Numbers. Fantasy Baseball is defined by them. Standard 5x5 leagues use 10 of them. These 10 numbers are probably the most important numbers you will think about from March to September. But should they be?
Fantasy Baseball has come quite a ways in the last few years. Nowadays sabermetrics have given us new numbers with acronyms like wOBA, BABIP, xFIP, and LOB percent. These strange figures can be overwhelming to those who are unfamiliar with them.
Rather than try to teach you how to use advanced metrics, I defer to the geniuses at Fangraphs, who have given us an amazing dictionary that defines these numbers and how to use them. Just click through the dropdowns and give yourself a base of SABR knowledge.
The basis of “Finding the Mean” will be to highlight one hitter and one pitcher each week who are under or over performing based on their more advanced numbers. The concept behind the title is that, almost always, a player will naturally gravitate toward an average.
Our first player to look at this season is the guy I am completely all in on, more so than any other. He is Shaun Marcum. I will be trying for Marcum in every league this year (Even AL Only, I don’t care what the rules say.) All kidding aside, this guy was great last year for the Blue Jays. Let’s start by looking at some of his 5x5 contributions from last year.
He went 13-8 with a 3.64 ERA in the AL East last season. Not counting the Blue Jays, there were 3,092 runs scored in that division last season, an average of 773 runs per team. In comparison, the NL Central (not counting the Brewers) gave up 3,409 runs with an entire extra team. This comes out to an average of 681.8 runs per team. Almost 100 less runs per team. I think it is safe to infer from this that Marcum will have a much easier opponent to face each night.
To go along with his wins and ERA, Marcum had a fantastic 1.15 WHIP. He accomplished this by allowing less than two walks per nine innings while holding opponents to a .241 AVG against him. To put those numbers in perspective, Tim Lincecum walked over three batters per nine innings and had a .238 AVG against him.
The one 5x5 category Marcum isn’t completely dominant in is strikeouts. He had 165 in 195.1 innings last season, which comes to 7.6 per nine innings. Although not elite, these numbers are still completely serviceable.
The more advanced metrics seem to back up what the above numbers say. Marcum had a 3.64 ERA, FIP of 3.74, and an xFIP of 3.90. Differences of .1 and .26, respectively. As a comparison, lets look at David Price who is currently going 44 spots ahead of Marcum according to ESPN’s average draft results. Price had a 2.72 ERA, FIP of 3.42, and xFIP of 3.99. Differences of .7 and 1.27, respectively. This shows that Marcum’s ERA was not based on luck like Price’s but rather by skill.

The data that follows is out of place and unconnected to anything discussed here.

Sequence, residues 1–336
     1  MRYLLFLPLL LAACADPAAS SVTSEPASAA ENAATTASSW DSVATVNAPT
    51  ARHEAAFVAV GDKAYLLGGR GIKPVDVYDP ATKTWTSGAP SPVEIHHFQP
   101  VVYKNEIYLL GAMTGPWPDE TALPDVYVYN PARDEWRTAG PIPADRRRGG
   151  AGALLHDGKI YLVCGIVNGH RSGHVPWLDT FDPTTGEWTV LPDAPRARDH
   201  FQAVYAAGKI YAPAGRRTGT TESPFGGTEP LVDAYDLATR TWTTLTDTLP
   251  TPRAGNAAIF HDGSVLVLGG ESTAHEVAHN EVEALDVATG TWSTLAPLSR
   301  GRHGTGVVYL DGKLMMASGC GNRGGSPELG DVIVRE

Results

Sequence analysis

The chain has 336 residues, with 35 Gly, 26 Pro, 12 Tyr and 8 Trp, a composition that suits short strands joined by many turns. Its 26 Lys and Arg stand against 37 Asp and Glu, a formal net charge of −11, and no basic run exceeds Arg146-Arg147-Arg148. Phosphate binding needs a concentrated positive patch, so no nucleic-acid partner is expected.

The final advanced number I would like to highlight for Marcum would be his strikeout to walk ratio. This is a great primer to show a pitcher’s ability to stay in control. Last year Marcum’s K/BB of 3.84 was sixth in the majors behind only Cliff Lee, Roy Halladay, Jered Weaver, Dan Haren, and Josh Johnson. That is some pretty damn elite company.
My bold prediction for Shaun Marcum this year will be:
17-8, 3.30 ERA, 1.10 WHIP, 180 K
Our hitter to profile this week is a guy that absolutely killed owners last year. Aaron Hill followed up his monster 2009, where he hit .288 with 36 homers, with an abysmal 2010 that found him and Mario Mendoza being mentioned in way too many of the same sentences. But, was his bad performance based on diminished skill or rather by luck?
Aaron Hill had a BABIP of .196. Everything about that number screams that his .083 drop in AVG was not his fault. The league average BABIP is right around .300 (and Hill’s is .288) so just exactly how bad is a .196 BABIP?
Here is why Fangraphs is the greatest website in the world. I took every Major League player’s seasons since 1913 (the earliest that Fangraphs has BABIP for players) and sorted the players by their respective BABIPs. The players had to have a minimum of 320 plate appearances in the season. This gave me 10,590 “seasons” worth of data.
Would you care to make a guess who was dead last in BABIP out of those 10,590? That would be 2010 Mr. Aaron Hill, who joined 1968 Curt Blefary (.198) as the only two players in the past 97 years who had BABIPs under .200.
Aaron Hill literally had the unluckiest season of ALL TIME.
Another reason I believe Hill will greatly increase his value is his home park. The Rogers Centre was eighth last year in total runs scored and fourth in home runs hit. If Hill gets back on luck’s good side he can take advantage of the same park that Jose Bautista hit 54 out of last season.
My bold prediction for Aaron Hill this year will be:
.275, 30 HR, 90 Runs, 90 RBI
Written exclusively for www.thefantasyfix.com by Corey Herron. Corey is an Oil & Gas Landman who loves Fantasy Baseball like Charlie Sheen loves goddesses. You can find him on twitter @coherron.